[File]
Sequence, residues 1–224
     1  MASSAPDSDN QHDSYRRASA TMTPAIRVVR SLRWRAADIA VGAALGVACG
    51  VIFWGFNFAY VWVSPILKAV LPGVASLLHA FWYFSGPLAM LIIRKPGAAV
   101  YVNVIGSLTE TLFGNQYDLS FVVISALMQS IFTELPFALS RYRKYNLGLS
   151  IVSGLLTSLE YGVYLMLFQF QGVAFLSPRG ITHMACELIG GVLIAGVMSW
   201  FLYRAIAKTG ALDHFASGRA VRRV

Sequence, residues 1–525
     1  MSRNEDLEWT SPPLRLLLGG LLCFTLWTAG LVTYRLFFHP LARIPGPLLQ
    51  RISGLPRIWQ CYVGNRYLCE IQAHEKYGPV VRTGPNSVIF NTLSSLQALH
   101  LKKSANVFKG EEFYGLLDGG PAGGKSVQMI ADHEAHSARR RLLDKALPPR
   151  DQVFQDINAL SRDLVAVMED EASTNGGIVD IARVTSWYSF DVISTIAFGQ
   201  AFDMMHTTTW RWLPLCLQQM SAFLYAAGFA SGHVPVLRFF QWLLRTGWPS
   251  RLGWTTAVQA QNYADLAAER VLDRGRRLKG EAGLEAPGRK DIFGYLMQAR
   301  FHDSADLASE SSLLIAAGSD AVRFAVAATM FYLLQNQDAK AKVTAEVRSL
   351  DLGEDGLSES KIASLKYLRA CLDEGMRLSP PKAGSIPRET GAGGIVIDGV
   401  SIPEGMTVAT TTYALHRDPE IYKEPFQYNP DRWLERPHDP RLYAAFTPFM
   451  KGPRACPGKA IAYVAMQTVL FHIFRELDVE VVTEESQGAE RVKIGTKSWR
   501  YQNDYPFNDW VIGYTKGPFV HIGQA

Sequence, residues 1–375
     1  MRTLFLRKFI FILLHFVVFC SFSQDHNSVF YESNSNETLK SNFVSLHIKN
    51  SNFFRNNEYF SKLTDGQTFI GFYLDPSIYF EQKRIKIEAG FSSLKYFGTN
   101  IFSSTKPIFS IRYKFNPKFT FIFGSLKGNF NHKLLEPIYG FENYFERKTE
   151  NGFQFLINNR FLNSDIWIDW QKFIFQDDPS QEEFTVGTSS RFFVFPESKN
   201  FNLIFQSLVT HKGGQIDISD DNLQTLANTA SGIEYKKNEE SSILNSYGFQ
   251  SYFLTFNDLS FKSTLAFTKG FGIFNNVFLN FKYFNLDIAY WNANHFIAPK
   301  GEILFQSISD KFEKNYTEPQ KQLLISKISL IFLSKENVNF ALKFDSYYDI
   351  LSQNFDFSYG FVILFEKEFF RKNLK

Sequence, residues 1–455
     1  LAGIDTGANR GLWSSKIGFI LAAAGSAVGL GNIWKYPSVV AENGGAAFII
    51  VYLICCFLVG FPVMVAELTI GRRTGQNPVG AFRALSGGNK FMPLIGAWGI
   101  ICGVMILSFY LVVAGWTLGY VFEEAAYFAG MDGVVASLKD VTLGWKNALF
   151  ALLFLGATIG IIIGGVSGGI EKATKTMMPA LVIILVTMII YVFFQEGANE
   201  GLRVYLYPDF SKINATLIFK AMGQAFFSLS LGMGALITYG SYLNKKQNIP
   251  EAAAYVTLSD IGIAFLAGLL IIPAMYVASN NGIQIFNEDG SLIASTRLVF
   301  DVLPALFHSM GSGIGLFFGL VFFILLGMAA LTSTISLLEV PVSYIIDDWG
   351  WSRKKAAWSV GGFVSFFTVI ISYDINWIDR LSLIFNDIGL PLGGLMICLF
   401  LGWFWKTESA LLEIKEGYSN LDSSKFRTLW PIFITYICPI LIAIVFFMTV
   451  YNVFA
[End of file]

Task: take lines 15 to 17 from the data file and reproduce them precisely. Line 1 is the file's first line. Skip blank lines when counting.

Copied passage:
   351  DLGEDGLSES KIASLKYLRA CLDEGMRLSP PKAGSIPRET GAGGIVIDGV
   401  SIPEGMTVAT TTYALHRDPE IYKEPFQYNP DRWLERPHDP RLYAAFTPFM
   451  KGPRACPGKA IAYVAMQTVL FHIFRELDVE VVTEESQGAE RVKIGTKSWR